The following letter first appeared on http://www.transitioning.org, a support site for the unemployed founded and managed by prominent labour activist Gilbert Goh:
I was reading your website about how a Indian national was offered $5500 for being a service manager. I am extremely angry that such things are allowed to take place at the detriment of Singaporeans. For the record, the median income of locals is only about $3850 which means that this guy is earning almost 40% more than Singaporeans.
Now, the PAP has told us time and time again that we need foreigners to do the jobs which locals cannot do. In the backdrop of ever increasing retrenchments of local Singaporeans, are we certain this is the case? If we were to look at some online forums, one foreign talent has even admitted that his hiring manager was going to bypass the fair consideration framework by posting the job for 14 days.
Singapore has one of the highest percentage of immigrants when compared to the rest of the developed world yet we are not given any protection. Locals have weak labour laws which do not allow them protection against massive influx while elderly are left to collect cardboard and clean hawker tables. If we look at countries such as Australia, then there is a point system which I am sure you are aware of.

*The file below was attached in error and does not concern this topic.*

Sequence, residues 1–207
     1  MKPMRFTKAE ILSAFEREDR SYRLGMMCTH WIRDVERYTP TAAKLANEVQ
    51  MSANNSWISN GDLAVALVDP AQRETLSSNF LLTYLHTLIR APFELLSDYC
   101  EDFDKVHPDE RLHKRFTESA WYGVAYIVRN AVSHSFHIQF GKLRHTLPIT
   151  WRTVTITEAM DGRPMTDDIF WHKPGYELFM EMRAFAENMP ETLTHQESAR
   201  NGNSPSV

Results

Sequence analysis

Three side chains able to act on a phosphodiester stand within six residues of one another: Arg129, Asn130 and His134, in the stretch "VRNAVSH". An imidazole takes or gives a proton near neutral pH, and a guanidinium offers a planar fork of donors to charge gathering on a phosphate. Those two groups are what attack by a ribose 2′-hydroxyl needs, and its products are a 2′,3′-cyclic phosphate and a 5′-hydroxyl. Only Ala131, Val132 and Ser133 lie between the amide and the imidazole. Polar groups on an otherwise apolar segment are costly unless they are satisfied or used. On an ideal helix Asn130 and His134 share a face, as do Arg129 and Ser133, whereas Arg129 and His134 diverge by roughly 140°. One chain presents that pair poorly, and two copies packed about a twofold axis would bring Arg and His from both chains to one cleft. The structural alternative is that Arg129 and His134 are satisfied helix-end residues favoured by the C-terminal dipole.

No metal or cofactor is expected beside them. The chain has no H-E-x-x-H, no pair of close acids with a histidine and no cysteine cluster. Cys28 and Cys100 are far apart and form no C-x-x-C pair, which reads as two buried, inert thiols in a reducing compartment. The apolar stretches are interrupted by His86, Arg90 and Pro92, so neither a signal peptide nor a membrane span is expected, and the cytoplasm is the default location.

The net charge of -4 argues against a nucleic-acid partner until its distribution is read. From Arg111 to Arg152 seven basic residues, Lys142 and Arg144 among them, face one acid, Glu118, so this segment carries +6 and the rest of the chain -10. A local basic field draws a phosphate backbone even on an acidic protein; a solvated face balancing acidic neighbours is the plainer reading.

In fact, I had a Vietnamese classmate who was given an ASEAN scholarship when many people are fighting to get into a local university. Later on, he went to a “Big 4″ public accounting firm which he is doing reasonably well.
Is the PAP going to bullshit again to say that no locals want to go to a local university and get a prestigious job after graduation? No matter how I see this, it is a clear case of PAP backstabbing our youth.
The modern PAP is no longer the same as LKY’s generation: They have offended china in a diplomatic faux pas and have no solution to our seized $100 million APVs. And even if such issue do not affect the average man on the street, I hope that Singaporeans can wake up and realise the detrimental effects of PAP’s policies as the economy slows down.